Park Chelsea is meant as an alternative addition to our existing Chelsea Parks system. I happened upon this doctoral thesis that is congruent with the Park Chelsea way of thinking.
ALTERNATIVE WAYS, LOCATIONS, AND PARTNERS TO MEET THE
RECREATIONAL NEEDS OF UNDERSERVED COMMUNITIES:
THE CASE OF FLORENCE-FIRESTONE link
Traditionally, park agencies address the shortage of urban parks by trying to increase
the number and acreage of parks in underserved areas. Such an approach focuses
exclusively on physical solutions, i.e. the development of new parks, requires substantial
financial and land resources, and presumes that the parks department is the only
supplier of recreational opportunities. Given the lack of public funding and land for new
urban parks, this traditional approach is no longer typically feasible.
This paper presents an alternative approach that focuses on the provision of recreational
services through multiple-use facilities and partnerships with a wide variety of public,
nonprofit, and private organizations. This approach rightfully recognizes parks as a
means to address recreational needs rather than an end itself, and shifts park agencies
from being producers and guardians of parks to being facilitators of recreational
services. Instead of focusing alone on developing new parks on its own and devoting
significant resources on land acquisition and facility construction, park agencies should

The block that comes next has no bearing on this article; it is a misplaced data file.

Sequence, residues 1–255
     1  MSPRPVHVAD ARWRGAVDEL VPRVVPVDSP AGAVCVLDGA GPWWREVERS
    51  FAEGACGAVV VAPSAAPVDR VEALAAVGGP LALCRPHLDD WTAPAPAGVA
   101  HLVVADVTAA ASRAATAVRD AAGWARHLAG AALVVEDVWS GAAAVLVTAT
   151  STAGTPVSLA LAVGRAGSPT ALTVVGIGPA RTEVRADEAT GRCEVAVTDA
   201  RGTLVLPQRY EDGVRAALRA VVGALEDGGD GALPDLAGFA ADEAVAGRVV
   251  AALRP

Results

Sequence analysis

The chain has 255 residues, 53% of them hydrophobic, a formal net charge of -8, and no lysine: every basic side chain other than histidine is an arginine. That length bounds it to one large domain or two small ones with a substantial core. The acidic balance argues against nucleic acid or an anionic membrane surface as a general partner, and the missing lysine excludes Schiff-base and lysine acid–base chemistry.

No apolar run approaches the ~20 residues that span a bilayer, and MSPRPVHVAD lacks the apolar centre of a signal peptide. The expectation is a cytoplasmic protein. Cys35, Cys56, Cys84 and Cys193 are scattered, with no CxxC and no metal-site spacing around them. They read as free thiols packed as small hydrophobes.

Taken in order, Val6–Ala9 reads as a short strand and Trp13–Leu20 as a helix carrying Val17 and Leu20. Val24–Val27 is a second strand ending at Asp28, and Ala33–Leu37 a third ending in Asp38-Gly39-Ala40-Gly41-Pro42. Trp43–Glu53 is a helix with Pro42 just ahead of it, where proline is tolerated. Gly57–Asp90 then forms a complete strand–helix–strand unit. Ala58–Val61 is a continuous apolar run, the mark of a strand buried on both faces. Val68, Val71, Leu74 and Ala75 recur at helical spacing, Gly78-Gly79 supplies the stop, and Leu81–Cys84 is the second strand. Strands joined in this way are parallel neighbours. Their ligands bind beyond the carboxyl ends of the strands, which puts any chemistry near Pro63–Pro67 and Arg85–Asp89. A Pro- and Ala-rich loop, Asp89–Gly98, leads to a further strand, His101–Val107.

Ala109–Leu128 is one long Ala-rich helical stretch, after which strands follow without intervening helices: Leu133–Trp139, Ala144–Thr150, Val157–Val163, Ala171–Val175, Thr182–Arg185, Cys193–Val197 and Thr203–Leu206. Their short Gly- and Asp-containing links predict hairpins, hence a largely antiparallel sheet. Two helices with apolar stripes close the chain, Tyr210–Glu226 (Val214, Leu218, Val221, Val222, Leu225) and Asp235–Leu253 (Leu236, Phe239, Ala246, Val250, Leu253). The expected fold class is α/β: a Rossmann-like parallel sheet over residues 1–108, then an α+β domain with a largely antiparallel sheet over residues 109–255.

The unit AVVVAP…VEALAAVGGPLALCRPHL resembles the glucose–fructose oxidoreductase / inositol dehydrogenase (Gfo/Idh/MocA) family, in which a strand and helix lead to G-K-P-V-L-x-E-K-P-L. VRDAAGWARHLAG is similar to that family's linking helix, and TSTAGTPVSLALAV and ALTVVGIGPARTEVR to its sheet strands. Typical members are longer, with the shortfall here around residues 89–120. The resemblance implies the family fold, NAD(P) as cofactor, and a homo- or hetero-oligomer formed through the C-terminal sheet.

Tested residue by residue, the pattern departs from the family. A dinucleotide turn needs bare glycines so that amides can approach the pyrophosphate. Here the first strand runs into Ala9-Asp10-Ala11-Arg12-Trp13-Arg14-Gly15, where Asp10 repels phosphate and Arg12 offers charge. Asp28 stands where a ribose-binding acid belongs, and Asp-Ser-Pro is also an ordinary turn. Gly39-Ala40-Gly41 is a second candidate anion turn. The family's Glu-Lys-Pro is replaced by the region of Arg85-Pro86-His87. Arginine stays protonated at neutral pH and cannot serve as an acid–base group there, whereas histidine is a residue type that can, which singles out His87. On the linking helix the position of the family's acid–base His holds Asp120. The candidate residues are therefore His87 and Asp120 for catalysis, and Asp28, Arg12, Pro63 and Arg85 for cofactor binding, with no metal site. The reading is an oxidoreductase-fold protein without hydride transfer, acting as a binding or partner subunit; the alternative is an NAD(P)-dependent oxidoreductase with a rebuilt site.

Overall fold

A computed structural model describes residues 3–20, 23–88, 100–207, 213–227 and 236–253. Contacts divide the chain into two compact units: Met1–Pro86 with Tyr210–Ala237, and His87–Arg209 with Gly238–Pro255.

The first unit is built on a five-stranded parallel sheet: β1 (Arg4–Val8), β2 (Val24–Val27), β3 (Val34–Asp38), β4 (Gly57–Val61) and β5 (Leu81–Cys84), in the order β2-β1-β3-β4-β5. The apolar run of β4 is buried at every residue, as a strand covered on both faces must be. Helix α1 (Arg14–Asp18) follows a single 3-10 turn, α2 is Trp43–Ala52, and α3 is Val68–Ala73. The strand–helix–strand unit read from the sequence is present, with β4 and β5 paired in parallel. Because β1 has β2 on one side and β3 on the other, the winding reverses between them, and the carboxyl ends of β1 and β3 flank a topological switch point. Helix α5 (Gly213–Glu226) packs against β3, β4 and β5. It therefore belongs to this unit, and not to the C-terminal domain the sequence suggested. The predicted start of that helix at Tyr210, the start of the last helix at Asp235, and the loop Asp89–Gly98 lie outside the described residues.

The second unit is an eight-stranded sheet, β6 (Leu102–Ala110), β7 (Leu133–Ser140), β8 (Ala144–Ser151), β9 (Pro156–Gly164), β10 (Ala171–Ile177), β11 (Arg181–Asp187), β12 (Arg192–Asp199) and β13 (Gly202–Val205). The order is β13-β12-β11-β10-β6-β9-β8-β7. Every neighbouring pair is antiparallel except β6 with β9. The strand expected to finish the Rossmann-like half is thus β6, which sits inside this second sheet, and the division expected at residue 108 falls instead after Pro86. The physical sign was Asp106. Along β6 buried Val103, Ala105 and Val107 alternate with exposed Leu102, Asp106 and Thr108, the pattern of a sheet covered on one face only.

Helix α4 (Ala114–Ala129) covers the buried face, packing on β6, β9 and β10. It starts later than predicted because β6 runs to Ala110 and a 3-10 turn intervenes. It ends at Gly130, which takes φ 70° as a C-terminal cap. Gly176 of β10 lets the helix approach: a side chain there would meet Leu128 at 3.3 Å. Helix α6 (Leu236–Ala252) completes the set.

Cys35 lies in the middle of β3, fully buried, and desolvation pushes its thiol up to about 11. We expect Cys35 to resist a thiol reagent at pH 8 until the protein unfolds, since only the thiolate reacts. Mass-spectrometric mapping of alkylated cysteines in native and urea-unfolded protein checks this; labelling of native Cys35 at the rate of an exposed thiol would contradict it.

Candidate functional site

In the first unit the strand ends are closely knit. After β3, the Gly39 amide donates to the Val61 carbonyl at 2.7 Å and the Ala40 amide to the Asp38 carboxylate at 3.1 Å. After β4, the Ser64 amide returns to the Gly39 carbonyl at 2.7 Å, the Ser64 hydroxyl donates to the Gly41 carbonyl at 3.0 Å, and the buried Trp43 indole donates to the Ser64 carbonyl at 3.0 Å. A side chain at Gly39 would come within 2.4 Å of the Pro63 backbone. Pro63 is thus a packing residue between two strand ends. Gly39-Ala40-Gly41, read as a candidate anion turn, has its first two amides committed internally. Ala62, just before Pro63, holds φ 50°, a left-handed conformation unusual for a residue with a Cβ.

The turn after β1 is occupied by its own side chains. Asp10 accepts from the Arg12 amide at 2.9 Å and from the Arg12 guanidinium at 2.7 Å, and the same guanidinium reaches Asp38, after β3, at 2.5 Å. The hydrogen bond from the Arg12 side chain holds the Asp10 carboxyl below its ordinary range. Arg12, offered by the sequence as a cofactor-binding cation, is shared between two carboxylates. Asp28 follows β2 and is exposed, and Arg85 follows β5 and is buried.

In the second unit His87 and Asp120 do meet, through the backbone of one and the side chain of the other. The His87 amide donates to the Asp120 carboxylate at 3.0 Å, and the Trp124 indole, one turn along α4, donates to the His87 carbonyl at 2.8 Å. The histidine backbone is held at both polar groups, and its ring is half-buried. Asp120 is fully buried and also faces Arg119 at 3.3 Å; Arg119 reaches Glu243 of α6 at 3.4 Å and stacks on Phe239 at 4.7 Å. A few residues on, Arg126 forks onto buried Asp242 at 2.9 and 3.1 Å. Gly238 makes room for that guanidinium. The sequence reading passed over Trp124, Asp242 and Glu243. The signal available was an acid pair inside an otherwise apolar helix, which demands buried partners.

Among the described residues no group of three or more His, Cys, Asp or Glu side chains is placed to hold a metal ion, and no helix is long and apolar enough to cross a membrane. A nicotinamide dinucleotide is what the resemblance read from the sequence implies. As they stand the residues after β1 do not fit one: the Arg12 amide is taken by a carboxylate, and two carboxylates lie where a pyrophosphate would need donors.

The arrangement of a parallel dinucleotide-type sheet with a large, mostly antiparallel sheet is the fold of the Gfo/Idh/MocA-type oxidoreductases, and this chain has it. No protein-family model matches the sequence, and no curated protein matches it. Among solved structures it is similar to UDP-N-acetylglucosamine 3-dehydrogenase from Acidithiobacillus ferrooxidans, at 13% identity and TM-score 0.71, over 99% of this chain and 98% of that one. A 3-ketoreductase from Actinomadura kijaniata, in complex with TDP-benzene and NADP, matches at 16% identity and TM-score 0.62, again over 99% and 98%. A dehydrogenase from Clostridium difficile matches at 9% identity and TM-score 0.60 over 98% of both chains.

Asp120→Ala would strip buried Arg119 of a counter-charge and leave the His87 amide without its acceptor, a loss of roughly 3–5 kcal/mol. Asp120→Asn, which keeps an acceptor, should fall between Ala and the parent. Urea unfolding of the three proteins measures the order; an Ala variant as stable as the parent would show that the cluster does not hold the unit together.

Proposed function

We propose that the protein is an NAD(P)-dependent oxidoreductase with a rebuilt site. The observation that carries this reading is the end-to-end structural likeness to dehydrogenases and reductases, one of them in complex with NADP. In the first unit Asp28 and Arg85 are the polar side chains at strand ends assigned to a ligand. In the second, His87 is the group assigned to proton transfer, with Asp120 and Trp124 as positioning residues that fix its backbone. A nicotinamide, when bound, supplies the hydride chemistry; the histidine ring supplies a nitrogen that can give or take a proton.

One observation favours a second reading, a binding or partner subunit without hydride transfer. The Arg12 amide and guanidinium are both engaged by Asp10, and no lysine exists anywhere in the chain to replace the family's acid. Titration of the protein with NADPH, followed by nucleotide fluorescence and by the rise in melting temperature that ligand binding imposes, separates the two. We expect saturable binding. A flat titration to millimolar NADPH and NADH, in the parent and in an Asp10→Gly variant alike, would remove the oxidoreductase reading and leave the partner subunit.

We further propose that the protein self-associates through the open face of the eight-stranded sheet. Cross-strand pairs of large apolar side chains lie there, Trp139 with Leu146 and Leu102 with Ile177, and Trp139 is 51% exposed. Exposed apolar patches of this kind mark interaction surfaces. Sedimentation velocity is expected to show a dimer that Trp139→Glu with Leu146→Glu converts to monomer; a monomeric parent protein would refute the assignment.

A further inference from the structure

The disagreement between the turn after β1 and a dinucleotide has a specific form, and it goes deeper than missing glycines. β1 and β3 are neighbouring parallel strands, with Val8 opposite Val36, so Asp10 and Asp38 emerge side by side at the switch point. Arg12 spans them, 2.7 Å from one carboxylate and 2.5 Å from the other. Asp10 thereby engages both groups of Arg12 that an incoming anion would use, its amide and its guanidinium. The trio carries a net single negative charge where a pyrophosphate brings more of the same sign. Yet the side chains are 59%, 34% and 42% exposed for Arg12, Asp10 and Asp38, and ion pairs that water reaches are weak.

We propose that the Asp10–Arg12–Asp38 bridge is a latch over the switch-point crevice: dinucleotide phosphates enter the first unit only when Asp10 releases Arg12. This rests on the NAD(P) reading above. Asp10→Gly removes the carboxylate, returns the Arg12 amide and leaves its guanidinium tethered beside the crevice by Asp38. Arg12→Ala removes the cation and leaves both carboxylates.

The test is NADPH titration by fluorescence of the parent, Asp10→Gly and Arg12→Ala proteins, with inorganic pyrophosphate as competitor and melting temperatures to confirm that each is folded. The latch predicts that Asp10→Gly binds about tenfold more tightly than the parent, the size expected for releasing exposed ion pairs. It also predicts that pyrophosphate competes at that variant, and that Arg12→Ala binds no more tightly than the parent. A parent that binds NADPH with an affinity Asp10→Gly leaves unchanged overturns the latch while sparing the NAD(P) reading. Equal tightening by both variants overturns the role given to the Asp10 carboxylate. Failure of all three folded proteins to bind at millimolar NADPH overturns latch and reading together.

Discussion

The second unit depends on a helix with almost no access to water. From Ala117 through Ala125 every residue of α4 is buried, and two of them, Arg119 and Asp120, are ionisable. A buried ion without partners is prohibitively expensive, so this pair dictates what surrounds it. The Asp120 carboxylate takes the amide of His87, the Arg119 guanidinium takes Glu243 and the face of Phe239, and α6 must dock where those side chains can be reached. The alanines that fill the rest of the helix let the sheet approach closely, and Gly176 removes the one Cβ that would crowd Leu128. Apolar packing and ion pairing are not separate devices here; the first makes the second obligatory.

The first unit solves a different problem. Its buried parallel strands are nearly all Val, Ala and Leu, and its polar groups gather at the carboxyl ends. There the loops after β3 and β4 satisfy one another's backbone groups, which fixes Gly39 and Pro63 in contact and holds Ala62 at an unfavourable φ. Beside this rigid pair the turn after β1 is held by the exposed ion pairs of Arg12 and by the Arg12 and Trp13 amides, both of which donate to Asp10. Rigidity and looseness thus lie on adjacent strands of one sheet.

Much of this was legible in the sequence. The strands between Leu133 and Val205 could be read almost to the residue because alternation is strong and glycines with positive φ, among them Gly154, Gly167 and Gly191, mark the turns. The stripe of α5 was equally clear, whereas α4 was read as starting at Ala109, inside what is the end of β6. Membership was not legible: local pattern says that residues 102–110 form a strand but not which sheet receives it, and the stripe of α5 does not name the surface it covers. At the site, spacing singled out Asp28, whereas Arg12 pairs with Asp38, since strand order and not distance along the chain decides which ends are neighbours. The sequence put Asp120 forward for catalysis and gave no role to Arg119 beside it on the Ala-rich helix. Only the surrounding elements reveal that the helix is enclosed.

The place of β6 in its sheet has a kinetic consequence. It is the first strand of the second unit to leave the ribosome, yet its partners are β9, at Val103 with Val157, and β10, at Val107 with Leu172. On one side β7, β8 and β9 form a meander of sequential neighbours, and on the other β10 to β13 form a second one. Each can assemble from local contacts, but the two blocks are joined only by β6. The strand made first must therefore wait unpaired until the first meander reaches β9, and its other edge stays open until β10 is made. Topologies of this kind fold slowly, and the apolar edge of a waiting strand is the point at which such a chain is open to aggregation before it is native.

actively identify and pursue alternative ways, locations, and partners to offer recreational
Alternative ways could include: the joint use of school facilities; the
introduction of recreational uses on land owned by utilities; mobile gyms; transportation
of residents to outside recreational facilities; and temporary use of parking and vacant
lots, reuse of existing buildings, and temporary closure of streets for recreational
purposes. The key component of this paper is a case study to demonstrate how this
alternative approach of meeting recreational needs may be implemented in Florence-
Firestone, an underserved area in South Los Angeles.
A number of studies reviewed in the American Journal of
Preventive Medicine showed that “creation of or enhanced access to places for physical
activity combined with informational outreach” produced a 48 percent increase in the
frequency of physical activity (Kahn, pp. 87-88). These studies also found that easy
access to a place to exercise resulted in a five percent median increase in aerobic
capacity, along with weight loss, a reduction in body fat, and improvements in flexibility
(Ibid, pp. 87-88).